We have previously shown that male and female Siberian hamsters increase serum dehydroepiandrosterone (DHEA) and elevate aggressive behavior during the short-day (SD) photoperiods of the non-breeding season, despite gonadal regression and reduced levels of circulating testosterone (T) and estradiol. In addition, we found that in vitro melatonin administration elevates DHEA secretion from cultured adrenals in SD females, but not females housed in long-day (LD) photoperiods. While these findings suggest that hamsters elevate DHEA levels in circulation during SDs, it is unclear how melatonin acts locally to influence adrenal steroidogenesis and, ultimately, increase non-breeding aggression.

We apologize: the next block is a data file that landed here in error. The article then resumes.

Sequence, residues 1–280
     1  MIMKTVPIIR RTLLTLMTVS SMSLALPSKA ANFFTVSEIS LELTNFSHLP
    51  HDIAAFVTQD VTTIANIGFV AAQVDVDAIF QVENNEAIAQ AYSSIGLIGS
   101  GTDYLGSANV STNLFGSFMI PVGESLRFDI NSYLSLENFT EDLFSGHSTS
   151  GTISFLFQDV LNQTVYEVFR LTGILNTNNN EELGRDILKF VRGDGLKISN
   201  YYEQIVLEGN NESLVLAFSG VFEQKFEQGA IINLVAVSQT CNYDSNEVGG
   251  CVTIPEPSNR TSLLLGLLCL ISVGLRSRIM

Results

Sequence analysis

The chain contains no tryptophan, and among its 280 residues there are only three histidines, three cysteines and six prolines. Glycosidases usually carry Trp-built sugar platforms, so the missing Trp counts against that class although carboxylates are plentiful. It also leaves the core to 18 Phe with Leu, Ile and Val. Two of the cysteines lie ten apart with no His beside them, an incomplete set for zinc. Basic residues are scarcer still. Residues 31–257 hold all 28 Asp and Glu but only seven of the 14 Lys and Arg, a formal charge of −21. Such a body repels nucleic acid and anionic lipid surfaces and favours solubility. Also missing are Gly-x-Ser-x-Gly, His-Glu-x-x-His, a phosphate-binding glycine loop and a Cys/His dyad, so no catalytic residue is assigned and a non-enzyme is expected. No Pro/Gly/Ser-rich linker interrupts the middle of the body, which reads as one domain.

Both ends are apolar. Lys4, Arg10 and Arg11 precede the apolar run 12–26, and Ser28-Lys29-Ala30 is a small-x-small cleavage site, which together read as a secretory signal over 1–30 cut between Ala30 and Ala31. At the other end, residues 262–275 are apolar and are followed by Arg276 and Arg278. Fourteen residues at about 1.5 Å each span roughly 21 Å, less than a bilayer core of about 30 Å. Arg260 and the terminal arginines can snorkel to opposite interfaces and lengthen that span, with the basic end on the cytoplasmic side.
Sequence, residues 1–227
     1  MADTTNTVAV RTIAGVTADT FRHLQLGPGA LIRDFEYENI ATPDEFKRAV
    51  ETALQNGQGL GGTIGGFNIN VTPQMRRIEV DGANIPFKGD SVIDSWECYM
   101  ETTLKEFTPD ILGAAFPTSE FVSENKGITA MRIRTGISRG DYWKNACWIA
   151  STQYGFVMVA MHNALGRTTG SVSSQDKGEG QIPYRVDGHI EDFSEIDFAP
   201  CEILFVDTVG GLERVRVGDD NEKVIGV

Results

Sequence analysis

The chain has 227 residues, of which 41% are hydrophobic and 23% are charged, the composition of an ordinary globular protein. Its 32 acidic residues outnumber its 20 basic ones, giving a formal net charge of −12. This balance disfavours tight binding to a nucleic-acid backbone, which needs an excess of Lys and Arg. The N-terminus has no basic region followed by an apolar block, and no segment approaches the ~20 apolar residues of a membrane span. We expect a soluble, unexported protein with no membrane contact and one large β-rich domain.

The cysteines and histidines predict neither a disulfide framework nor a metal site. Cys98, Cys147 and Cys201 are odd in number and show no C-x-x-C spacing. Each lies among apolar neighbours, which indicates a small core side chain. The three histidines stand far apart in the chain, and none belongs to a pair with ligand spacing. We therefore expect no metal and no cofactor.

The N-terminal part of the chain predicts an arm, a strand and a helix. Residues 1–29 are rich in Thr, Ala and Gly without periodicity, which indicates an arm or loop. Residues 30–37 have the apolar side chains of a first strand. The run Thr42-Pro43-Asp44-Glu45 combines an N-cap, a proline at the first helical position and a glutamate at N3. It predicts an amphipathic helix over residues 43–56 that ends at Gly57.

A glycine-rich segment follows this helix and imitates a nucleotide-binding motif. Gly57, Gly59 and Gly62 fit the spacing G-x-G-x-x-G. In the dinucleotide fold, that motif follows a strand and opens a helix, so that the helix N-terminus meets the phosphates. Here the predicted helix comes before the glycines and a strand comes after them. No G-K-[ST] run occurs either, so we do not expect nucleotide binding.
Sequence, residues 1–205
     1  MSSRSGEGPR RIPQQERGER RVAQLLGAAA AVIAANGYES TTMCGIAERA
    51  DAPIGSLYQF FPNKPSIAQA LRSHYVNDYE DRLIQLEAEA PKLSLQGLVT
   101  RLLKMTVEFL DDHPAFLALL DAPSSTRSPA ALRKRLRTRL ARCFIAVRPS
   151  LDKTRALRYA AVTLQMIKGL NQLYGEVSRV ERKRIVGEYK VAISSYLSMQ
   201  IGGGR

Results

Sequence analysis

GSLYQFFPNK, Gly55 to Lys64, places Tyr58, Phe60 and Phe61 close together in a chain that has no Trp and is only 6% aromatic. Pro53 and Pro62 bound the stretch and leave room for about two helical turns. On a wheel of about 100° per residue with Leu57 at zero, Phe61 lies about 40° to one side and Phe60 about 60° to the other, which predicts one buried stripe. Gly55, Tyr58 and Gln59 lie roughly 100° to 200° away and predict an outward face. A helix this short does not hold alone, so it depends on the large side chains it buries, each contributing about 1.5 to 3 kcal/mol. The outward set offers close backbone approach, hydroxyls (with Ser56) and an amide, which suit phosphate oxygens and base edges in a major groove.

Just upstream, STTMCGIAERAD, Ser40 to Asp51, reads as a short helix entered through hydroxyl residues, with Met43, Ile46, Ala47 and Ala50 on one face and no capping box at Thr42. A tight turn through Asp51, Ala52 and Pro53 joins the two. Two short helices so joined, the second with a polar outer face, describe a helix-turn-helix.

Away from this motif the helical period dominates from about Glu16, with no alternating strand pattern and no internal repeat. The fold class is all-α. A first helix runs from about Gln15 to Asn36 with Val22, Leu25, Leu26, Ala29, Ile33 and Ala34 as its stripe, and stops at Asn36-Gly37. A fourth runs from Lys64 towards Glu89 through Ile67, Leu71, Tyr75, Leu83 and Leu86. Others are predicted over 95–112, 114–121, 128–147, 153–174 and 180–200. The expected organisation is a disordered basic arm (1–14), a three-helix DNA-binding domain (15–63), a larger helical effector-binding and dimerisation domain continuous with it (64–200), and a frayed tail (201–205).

DHEA is synthesized in the adrenal cortex via the enzyme CYP17A1 and can be converted to more potent androgens, such as androstenedione (AE) and T, via the steroidogenic enzymes 3β-hydroxysteroid dehydrogenase (3β-HSD) and 17β-HSD, respectively. Thus, it is possible that melatonin mediates SD increases in aggression by upregulating local 3β-HSD activity. The goal of this study is to test whether melatonin signaling induces increased non-breeding aggression by upregulating 3β-HSD activity peripherally and/or centrally. Because 3β-HSD is responsible for catalyzing two separate steroidogenic reactions: the conversion of pregnenolone to progesterone and the conversion of DHEA to AE, this study will allow me to compare DHEA synthesis and metabolism both within and across tissues.